Back to the topic of suicide. We also know that what leads one to suicide is a condition of despair or demoralization. Demoralization has been studied for several decades in palliative care, and in the psychiatric milieu since the 1970s. It has been distinguished from the garden variety depression. It is known as an “expression of existential distress, demoralization is characterized by feelings of hopelessness and helplessness due to a loss of purpose and meaning in life” (11).
Viktor Frankl, the Holocaust survivor who studied the existential purpose of life, developed the therapy known as logotherapy, and wrote the book Man’s Search for Meaning, describes despair as “the absence of meaning”. What we know about demoralization is that it is a frequent and natural response when we encounter, face to face, and up close, our own finitude. Facing impending and imminent mortality means there is little time left to meet the goals we have set for ourselves. We must say goodbye to the people we love and value, and we must face a frightful thing…the unknown. Frankl also wisely said that “Those who have a ‘why’ to live, can bear with almost any ‘how’” (12).
It is also of the utmost importance that demoralization has been linked to suicide. Equally important is that the state of demoralization can be addressed through good palliative care and counselling. This process is known as Remoralization. How much better to die having spent time reviewing one’s life, developing a sense of meaning than cutting the tie to this mortal coil too soon. I have seen the process of Remoralization many times over the course of my career working with the dying. My next blog will be an illustration of how this can happen by relaying a story of such a patient.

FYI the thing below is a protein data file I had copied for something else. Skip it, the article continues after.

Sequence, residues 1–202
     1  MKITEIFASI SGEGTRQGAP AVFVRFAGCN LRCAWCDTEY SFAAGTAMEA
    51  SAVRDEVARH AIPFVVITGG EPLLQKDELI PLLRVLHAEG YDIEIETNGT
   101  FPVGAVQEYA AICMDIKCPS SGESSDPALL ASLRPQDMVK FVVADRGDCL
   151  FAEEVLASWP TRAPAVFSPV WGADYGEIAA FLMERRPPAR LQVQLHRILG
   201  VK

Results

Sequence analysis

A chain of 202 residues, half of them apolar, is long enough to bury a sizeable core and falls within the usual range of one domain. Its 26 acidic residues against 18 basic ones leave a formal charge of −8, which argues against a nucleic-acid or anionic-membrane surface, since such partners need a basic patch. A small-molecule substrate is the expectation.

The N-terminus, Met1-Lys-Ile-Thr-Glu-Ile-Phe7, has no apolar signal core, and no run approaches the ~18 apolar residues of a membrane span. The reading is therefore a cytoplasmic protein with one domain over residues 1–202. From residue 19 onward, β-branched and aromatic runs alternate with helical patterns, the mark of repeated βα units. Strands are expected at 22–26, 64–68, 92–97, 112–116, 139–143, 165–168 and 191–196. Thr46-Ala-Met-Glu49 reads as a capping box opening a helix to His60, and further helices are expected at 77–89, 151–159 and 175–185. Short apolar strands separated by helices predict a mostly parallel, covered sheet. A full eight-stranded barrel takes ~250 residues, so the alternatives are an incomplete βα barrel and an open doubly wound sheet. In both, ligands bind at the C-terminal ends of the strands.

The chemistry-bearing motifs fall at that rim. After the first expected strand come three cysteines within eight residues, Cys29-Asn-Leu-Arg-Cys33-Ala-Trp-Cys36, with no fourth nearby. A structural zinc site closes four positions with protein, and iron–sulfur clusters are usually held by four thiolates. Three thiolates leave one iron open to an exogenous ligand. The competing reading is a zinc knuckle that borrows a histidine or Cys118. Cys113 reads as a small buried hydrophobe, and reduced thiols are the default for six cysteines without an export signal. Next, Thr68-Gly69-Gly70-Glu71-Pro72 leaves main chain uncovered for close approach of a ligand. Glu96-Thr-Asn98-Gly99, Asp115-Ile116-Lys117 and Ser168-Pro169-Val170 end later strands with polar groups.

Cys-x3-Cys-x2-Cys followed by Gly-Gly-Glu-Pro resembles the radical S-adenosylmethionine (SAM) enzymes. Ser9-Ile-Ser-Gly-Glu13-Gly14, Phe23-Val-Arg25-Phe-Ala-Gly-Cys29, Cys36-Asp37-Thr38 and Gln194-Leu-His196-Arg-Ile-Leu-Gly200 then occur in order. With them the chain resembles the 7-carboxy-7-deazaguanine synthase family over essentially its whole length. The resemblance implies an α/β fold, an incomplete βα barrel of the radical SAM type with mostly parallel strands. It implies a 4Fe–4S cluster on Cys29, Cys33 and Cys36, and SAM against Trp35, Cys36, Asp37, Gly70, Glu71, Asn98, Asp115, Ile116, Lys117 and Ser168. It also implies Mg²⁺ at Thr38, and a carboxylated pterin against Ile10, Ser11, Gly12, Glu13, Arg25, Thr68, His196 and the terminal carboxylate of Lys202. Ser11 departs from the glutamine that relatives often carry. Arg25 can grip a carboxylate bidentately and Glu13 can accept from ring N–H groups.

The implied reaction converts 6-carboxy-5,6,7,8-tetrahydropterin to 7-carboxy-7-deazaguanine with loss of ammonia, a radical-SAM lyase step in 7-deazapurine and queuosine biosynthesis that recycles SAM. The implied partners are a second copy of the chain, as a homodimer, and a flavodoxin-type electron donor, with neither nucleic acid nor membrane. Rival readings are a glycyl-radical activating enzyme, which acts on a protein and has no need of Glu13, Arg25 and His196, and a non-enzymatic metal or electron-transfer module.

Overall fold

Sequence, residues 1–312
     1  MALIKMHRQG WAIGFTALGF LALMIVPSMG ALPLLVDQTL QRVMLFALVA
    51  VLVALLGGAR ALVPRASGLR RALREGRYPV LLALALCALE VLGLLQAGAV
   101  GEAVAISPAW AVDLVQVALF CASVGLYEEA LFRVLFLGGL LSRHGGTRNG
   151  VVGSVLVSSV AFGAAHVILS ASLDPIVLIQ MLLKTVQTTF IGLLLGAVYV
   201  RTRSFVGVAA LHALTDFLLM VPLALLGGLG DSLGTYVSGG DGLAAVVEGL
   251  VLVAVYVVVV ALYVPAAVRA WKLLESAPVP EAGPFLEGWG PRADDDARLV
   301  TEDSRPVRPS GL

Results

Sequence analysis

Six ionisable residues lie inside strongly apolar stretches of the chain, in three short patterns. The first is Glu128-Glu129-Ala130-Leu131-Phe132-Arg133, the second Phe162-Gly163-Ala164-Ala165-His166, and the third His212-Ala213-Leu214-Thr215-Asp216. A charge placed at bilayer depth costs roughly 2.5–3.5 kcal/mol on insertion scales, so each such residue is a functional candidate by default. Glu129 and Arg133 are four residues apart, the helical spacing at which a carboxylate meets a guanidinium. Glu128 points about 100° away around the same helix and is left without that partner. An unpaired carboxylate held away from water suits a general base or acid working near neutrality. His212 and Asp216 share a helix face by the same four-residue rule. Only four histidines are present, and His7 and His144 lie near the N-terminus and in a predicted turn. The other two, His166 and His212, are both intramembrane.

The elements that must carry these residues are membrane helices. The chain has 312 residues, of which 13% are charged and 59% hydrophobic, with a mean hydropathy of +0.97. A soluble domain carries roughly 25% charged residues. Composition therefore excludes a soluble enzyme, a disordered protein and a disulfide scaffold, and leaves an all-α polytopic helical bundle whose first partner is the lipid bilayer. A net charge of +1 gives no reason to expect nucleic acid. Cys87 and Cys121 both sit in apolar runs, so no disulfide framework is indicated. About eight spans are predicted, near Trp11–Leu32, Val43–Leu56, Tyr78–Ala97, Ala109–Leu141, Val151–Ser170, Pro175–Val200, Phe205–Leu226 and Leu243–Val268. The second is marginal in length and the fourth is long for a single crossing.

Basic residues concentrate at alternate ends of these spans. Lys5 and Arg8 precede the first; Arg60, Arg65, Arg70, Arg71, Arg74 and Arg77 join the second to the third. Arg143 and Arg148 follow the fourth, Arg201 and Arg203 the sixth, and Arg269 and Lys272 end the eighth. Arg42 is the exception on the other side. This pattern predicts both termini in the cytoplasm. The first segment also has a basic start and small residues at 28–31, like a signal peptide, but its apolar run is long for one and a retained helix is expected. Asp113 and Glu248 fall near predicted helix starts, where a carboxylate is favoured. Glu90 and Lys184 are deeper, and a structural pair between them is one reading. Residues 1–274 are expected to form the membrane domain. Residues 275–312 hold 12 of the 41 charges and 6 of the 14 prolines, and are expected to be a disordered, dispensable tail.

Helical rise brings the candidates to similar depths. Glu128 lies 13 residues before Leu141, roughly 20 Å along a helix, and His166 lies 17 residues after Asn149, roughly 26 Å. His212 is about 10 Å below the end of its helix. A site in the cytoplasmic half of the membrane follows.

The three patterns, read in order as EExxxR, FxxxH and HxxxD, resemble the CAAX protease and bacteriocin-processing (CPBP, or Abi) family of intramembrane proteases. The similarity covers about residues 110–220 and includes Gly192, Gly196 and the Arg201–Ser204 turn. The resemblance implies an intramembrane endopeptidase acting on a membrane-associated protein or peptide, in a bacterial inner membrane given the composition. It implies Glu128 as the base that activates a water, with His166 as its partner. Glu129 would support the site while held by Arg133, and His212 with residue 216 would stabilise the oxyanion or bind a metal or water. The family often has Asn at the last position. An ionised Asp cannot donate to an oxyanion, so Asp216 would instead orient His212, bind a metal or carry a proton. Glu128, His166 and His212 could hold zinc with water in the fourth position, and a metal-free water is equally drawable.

An argument from the pro-AD advocate would be, “but what if they don’t want to participate in Remoralization?” My answer is that most people don’t know that Demoralization exists and that there is help for the condition. Rather than encouraging the Final Exit, which is a form of abandonment, our efforts would be better spent helping one to find their meaning before they leave us. Once they leave, they will have all the answers to every mystery of life.
1. Beauchamp TL, Childress JF. Principles of biomedical ethics. . U.S.A.: Oxford University Press; 2001.
2. Windfuhr K, Kapur N. Suicide and mental illness: a clinical review of 15 years findings from the UK National Confidential Inquiry into Suicide. British Medical Bulletin. 2011;100(1):101-21.
3. Harris EC, Barraclough B. Suicide as an outcome for mental disorders. A meta-analysis. British Journal of Psychiatry. 1997;170:205-28.
4. Cheng Q, Li H, Silenzio V, Caine E. Suicide contagion: A systematic review of definitions and research utility. PloS One. 2014;9(9).
5. O’Carroll PW, Potter LB. Suicide contagion and the reporting of suicide: Recommendations from a national workshop. Morbidity and Mortality Weekly Report. 1994:9-18.
6. Walling MA. Suicide Contagion. Current Trauma Reports. 2021;7(4):103-14.
7. Coleman GD. Assisted suicide: an ethical perspective. 1987;3:267.
8. Lisska AJ. Human rights theory rooted in the writings of Thomas Aquinas. Diametros. 2013;38:134-52.
9. Bowie A. Introduction to German Philosophy: From Kant to Habermas: Polity Press; 2003.
10. Gagne-Henderson R. The Palliative Provocateur [Internet]2022. Available from: https://palliativeprovocateur.com/.
11. Robinson S, Kissane DW, Brooker J, Burney S. A review of the construct of demoralization: History, definitions, and future directions for palliative care. American Journal of Hospice and Palliative Medicine. 2016;33(1):93-101.
12. Frankl VE. Man’s search for meaning: Simon and Schuster; 1985.